Not long ago, City of Saints Coffee Roasters was a member of the Pulley Collective. Now a freestanding roastery with a 70-kilo Loring S70 Peregrine and a spacious, conveniently located Flatbush warehouse of its own, the company also has entered the co-roasting game as it grows into its new space and equipment. The City of Saints co-roasting program, which constitutes only a small portion of the company’s overall revenues, includes training, consulting, green buying assistance, and trucking and warehousing services.
Unlike Pulley, which offers group classes as a prerequisite to hands-on, one-on-one supervised roasting, City of Saints shies away from training absolute neophytes. Instead, owner Joe Palozzi offers toll roasting services, allowing novices to learn by observing their coffee being roasted. Palozzi reports that the roasters on his staff are currently training for the Q exam, and will be certified by Loring as soon as the manufacturer finalizes its certification requirements.
Having first granted public access to its Probat L-12 about four and a half years ago, the Aspect Coffee Collective in Portland, Oregon, is the longest-running shared roasting facility currently operating. The project started in 2011 at Mr. Green Beans home-roasting supply store, which acquired the L-12 to support hobbyists who wanted greater volume and a more industrial-style learning experience. Word spread, and in 2015 Aspect officially became a separate business.
While not as equipment-heavy as its Bay Area or northeastern counterparts, Aspect’s offerings cover the fundamentals and then some, with green coffee storage, light packaging equipment, and opportunities to cup and buy coffees presented by importers or growers.
One of the first companies to take advantage of Aspect’s services, while it was still under the Mr. Green Beans umbrella, was Coco Donuts, where co-owner Ian Christopher had long desired to bring roasting in-house. Coco Donuts had two locations at the time and has since opened two more. Christopher also roasts at Aspect for the chic Portland coffee/cocktail bar Americano, a co-venture he opened in spring 2016.
He believes the services Aspect delivers help him produce better coffee.
“It can be a little daunting trying to work directly with farmers because of language barriers, distance, what have you,” he says. “There are a number of farmers that have come through because of that network. It’s really opened up some great opportunities for all of us.”
He also appreciates the convenience of Aspect’s service model.
“The simplicity of being able to sign up for whatever hours you need, go in, do your roasting, clean up, bag and pack up all your coffee and out the door you go, it makes for a very simplistic way to roast,” he says. “You don’t have to worry about overseeing the roastery, the maintenance program, all the details that go with the operation of it.”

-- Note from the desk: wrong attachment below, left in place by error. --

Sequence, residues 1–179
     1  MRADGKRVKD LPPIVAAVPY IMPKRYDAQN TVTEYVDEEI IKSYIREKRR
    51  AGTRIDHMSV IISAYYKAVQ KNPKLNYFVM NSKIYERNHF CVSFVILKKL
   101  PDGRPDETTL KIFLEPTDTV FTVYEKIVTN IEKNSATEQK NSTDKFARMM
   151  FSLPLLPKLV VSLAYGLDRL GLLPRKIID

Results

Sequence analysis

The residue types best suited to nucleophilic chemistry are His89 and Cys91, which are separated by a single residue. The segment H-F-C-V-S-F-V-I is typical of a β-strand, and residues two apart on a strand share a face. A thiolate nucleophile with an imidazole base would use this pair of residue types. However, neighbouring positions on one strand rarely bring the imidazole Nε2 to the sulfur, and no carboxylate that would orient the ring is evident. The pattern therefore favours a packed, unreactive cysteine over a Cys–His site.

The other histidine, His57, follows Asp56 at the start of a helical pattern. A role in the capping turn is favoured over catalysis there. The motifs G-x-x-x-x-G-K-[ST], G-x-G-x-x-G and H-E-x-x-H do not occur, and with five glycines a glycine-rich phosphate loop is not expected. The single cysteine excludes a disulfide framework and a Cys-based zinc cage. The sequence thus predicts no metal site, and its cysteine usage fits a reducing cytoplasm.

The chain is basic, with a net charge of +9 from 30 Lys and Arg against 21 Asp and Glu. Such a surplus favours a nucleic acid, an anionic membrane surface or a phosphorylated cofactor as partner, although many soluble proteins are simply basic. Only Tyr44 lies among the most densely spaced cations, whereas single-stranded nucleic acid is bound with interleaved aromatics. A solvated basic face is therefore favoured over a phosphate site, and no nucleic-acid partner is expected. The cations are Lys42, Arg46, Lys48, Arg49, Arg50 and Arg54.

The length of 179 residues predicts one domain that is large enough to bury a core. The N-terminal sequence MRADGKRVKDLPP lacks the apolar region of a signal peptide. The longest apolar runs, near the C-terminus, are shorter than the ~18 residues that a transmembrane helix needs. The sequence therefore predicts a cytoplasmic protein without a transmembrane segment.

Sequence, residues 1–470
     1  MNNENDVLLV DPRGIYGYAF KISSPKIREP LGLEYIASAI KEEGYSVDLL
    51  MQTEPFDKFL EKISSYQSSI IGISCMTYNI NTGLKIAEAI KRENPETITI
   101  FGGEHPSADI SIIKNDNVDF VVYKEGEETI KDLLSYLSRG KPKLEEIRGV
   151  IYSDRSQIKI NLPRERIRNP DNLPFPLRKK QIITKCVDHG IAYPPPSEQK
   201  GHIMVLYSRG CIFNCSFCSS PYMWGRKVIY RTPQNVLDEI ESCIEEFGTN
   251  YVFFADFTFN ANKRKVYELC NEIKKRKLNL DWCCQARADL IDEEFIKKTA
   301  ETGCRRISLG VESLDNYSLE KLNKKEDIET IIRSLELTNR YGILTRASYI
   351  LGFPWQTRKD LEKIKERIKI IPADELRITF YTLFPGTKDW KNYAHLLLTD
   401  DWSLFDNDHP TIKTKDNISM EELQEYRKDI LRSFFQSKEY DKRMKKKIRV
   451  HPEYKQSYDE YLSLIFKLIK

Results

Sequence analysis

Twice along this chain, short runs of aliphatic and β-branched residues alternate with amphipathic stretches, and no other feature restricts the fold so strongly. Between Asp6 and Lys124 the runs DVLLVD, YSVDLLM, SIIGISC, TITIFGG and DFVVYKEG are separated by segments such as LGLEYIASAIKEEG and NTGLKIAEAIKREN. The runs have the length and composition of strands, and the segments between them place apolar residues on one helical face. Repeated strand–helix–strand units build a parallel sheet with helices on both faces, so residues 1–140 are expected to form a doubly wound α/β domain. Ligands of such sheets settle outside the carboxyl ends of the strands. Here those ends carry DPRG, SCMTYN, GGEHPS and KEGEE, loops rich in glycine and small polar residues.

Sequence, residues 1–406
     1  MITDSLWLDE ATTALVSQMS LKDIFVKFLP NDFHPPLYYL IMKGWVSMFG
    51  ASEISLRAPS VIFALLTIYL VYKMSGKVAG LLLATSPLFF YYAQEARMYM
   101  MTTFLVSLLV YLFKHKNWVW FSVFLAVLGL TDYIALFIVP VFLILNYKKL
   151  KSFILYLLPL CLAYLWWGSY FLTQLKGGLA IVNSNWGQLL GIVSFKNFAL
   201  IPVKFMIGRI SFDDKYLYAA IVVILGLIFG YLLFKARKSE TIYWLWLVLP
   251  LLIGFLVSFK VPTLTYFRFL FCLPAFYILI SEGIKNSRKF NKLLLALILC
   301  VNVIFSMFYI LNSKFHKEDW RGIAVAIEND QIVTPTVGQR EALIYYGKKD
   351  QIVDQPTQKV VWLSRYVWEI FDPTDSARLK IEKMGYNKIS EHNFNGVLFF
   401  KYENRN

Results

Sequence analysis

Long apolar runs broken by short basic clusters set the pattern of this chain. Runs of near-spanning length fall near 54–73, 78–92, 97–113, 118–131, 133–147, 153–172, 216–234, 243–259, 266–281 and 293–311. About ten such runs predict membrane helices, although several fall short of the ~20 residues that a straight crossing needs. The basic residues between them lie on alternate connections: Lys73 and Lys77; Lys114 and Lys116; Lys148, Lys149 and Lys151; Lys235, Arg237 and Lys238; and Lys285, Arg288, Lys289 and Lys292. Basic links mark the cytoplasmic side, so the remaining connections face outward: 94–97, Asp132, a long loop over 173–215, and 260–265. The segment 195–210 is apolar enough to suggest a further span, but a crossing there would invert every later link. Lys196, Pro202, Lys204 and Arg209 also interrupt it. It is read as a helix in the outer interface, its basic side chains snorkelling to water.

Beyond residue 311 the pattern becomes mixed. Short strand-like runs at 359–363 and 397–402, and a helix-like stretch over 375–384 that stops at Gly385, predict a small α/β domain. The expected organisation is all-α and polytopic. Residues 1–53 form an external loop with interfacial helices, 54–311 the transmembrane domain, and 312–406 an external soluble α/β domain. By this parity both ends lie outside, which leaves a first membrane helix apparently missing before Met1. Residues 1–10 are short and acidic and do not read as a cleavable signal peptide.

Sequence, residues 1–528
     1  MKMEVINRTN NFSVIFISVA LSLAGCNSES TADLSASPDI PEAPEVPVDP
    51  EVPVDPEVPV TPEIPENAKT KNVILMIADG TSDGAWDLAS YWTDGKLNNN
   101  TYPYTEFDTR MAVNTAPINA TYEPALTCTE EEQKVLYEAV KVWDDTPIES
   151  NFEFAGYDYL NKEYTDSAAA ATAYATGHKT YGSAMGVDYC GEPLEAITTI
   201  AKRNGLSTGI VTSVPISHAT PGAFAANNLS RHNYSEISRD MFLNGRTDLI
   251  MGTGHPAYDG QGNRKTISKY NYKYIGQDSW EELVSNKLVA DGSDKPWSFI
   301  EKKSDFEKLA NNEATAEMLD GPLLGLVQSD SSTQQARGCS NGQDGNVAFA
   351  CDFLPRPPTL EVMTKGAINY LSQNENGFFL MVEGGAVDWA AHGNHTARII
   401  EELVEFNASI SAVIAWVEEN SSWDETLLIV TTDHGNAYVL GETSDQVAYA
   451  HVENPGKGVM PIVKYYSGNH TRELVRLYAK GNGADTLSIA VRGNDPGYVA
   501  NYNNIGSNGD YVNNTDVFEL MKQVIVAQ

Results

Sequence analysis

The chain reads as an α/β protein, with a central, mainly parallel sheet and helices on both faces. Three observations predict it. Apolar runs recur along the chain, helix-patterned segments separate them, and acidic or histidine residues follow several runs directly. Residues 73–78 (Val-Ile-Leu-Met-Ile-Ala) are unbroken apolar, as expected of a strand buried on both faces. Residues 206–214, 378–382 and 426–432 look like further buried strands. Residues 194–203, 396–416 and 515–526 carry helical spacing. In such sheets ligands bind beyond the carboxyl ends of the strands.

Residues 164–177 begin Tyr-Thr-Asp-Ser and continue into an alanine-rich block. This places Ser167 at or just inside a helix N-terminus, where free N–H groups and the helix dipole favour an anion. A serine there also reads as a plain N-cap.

The seed for Bay Area CoRoasters (CoRo) was planted when a roasting company acquired a 35-kilo Loring Kestrel, but ended up needing it only one day per week. After research and analysis indicated a co-roasting facility might not only be a successful enterprise but also a valued contribution to the industry, the owners ceased commercial roasting and reinvented their business as a shared roasting hub. CoRo opened in September 2015 and gained its first five members within a month.
Among those first members was the Alchemy Collective, a worker- owned coffee company based in Berkeley, California. Prior to joining CoRo, Alchemy was renting time on equipment owned by another local roasting company. After making the switch, Alchemy saw improvements in product consistency and overall efficiency, according to co-founder James Parrish.
“They’ve really helped our quality control department,” he says. “They’ve given us free, consistent access to a good cupping lab and an espresso machine and other ways we can take our post-roasted coffee and put it through a gauntlet.”
As far as the cost, Parrish adds, “They were really helpful. They found a rate that could work for us until we grew our business a little bit, and it was super reasonable.” CoRo operates with all required licenses and permits, carries insurance, and requires all of its members to carry their own insurance. To support one member that’s certified organic, CoRo implemented organic cleaning and operational procedures. The organization also maintains a commission- free green coffee sample station, where importers and growers’ representatives can leave samples for members to roast and cup on their own.
Based on strong attendance at events hosted at CoRo, the frequency of tours and information sessions, and the enthusiasm with which the coffee and food communities have embraced the venture, co-owner Andrews thinks the market is ripe for more roaster-shares, and she welcomes the growth of the sector.
“As more co-roasting spaces open up, they will each create their own personality, their own culture, and their own target in the marketplace,” she says. “I think there’s going to be plenty of room for everyone.”